Responding to today’s announcement that GBL, ‘Spice; and BZP will be made illegal under the Misuse of Drugs Act, Martin Barnes, chief executive of the drug information charity DrugScope said:
“DrugScope supports the Government’s decision to follow the advice of the ACMD and make GBL and BZP Class C substances. While we also support the government’s intention to make Spice a controlled drug, there is a question mark over the announcement that it will be made a Class B, not a Class C drug. The ACMD’s review of Spice concluded that it is potentially as harmful as cannabis but the government previously rejected the council’s advice that cannabis should remain a Class C substance.
“A review of the Misuse of Drugs Act was promised by the Government in January 2006, but was subsequently dropped. Given the number of substances being made illegal under the Act with the likely prospect of more to come, and in light of recent decisions by the Government not to follow the ACMD’s advice on the classification of cannabis and ecstasy, it is even more important that the classification system is reviewed.
“In recent months some DrugScope members working in drug treatment services have reported an increase in the number of people experiencing problems with GBL. The drug is unpredictable, is linked to fatalities and there is evidence of people becoming dependent on it after prolonged use. It is important that treatment services are geared to identifying and supporting people with GBL related problems.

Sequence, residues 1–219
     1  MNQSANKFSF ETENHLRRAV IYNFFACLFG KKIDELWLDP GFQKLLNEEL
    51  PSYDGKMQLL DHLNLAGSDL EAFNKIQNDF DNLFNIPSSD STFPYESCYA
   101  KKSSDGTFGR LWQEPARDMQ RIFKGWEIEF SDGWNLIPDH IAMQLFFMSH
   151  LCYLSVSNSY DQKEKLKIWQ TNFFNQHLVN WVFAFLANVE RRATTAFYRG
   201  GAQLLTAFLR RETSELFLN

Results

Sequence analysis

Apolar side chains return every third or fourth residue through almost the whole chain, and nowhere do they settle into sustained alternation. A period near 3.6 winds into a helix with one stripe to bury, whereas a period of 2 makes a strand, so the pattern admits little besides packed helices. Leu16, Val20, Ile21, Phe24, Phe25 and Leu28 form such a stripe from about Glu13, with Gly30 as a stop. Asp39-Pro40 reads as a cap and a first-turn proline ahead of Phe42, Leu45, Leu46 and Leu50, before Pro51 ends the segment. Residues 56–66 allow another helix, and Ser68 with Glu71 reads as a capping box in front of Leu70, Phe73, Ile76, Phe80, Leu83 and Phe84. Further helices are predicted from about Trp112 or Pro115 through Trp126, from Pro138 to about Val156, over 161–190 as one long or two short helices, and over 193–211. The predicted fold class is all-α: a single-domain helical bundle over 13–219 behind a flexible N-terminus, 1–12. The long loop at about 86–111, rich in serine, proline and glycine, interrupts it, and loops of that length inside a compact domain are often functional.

“Spice, while chemically different from cannabis, closely mimics the psychoactive effect of cannabis. The ACMD’s decision to recommend that the substances in Spice be banned was unusual in that it was based on evidence and concern about potential rather than actual proven harms.
“While we support the classification of substances such as GBL and BZP, the law alone is a blunt instrument. The forthcoming FRANK campaign will help make information about these substances more widely available. But we have concerns that in lumping all these substances together as ‘legal highs’, the significant differences in the effects and potential harms might be hard for young people to identify. It is important that public information and education campaigns are comprehensive and ongoing.”